The former works well because, according to O’Luanaigh, “the camera is never swooping in or trying to rotate behind the character,” which minimizes motion sickness from automated camera movement. As for the latter, well, the appeal seems obvious -- your player puts on a VR headset and effectively sticks their head inside your game world, allowing them to naturally move their head using positional tracking to get in closer and see what they’re doing.
“That works fantastically well,” says O’Luanaigh,” because there’s no automated camera movement at all; it’s literally just your head looking down, looking forward and rotating around.”
You have to totally rethink controls and UI
Controls are a real challenge for VR game developers at the moment, in part because they have to be intuitive (players can't see their hands, after all) but mostly because it's not always clear what your players will be holding when they boot up your game.
"Particularly on the Oculus at the moment, because there’s no default controller you have to just sort of hope people have a gamepad," says O’Luanaigh. "If you start using the keyboard or mouse, it can be quite tricky with the headset on. It’s much easier on Morpheus, because of the DualShock 4."
You also have to forget most of what you know about good user interface design.
"The onscreen interface is really difficult in VR, and very challenging, because you don’t really have a 'front' anywhere," says O’Luanaigh. Trying to sort of "float" your user interface in front of the player's eyes doesn't work very well, so O’Luanaigh says nDreams developers "tend to put the GUI onto a 3D object like a watch, or something like that; something your character is carrying."
Oculus and Morpheus: the same, but different
After a profitable run as a Home developer, nDreams is working on projects across multiple VR platforms -- including the Oculus Rift and Sony's upcoming "Project Morpheus" VR headset. Close ties with Sony afforded nDreams the opportunity to start working with Morpheus hardware pretty early, but O’Luanaigh says developers shouldn't worry about major differences between the two headsets.
"Power-wise and in terms of performance, they’re not too dissimilar," he says. "So we’re able to make the same games across both headsets, with a few tiny differences."
The studio is currently using Unity to develop mobile VR experiences (including Gunner, pictured below) for headsets like Samsung's Gear VR, and Unreal for its PC and PlayStation 4 VR work.
"The Oculus’ biggest strength is that it’s open -- anybody can get hold of it very cheaply, and it’s very easy to hack and get all sorts of rough stuff up and running," says O’Luanaigh. "It’s a really easy, accessible VR headset."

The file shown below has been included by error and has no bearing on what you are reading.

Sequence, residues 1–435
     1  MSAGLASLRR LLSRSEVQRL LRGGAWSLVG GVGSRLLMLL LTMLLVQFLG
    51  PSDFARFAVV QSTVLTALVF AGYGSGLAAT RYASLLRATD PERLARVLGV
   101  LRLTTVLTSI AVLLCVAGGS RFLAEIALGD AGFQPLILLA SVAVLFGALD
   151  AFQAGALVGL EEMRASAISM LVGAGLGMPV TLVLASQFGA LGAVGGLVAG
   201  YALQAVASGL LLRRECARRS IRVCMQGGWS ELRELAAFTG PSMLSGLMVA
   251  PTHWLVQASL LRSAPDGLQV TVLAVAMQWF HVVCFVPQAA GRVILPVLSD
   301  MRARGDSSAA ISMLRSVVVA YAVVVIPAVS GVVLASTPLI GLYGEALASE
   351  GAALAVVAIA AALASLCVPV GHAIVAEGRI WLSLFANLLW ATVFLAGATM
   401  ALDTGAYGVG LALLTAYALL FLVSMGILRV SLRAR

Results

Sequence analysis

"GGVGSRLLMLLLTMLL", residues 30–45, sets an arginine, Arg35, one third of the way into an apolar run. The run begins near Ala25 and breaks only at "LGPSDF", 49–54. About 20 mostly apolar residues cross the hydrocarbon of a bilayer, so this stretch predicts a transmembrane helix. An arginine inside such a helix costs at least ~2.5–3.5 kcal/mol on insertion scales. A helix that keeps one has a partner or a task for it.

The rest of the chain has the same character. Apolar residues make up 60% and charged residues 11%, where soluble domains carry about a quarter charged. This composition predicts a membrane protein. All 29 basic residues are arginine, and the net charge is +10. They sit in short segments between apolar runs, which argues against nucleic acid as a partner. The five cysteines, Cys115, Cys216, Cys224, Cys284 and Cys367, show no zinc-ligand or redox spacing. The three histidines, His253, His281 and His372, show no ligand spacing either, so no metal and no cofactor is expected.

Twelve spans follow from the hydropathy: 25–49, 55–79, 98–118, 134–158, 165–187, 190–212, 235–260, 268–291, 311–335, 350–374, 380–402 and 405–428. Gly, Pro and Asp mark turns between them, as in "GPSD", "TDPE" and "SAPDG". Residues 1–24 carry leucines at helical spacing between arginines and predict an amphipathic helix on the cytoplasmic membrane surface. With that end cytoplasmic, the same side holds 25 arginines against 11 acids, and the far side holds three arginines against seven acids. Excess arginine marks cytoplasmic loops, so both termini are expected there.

The biggest downsides to developing for the Rift, he admits, include its lack of default controller and its demand for a PC capable of running games well enough to avoid making players ill.
"It’s a great piece of kit, but you do need a powerful PC to run the Oculus," says the nDreams CEO. "My recommendation for devs would be to get it working with a controller, and maybe look at the Leap Motion -- this great little PC device that tracks your hands."
O’Luanaigh believes that Oculus VR will debut a default Rift control system at some point, and that it's quite likely -- based on the companies they've acquired -- that it will incorporate gesture controls in some fashion.
"So you can play around with that now with a Leap, and see if you can get it working for your game," he recommends.
As far as Sony's headset goes, the verdict seems to be that it's trickier to get your hands on but more accessible to your players.
"You do need to be a PlayStation developer, so there’s a few more hoops to jump through: it’s more epensive, you have to get the kit and stuff," says O’Luanaigh. "But Unreal works really nicely on it, and it’s a lovely piece of hardware as well. It’s very similar to the Oculus, actually -- both have positional tracking, both have great screens, both run Unreal very nicely. To be honest with you, there’s not a lot of difference between them."
However, O’Luanaigh adds that Morpheus has a significant advantage over Oculus in the form of the DualShock 4 controller.
"That has positional tracking and rotation kind of built in. It’s a very nice default controller that you know everyone will have," he says. "And also, you know every PS4 user will be able to use the Morpheus, while you can’t guarantee that every PC user will be able to use the Oculus due to performance requirements."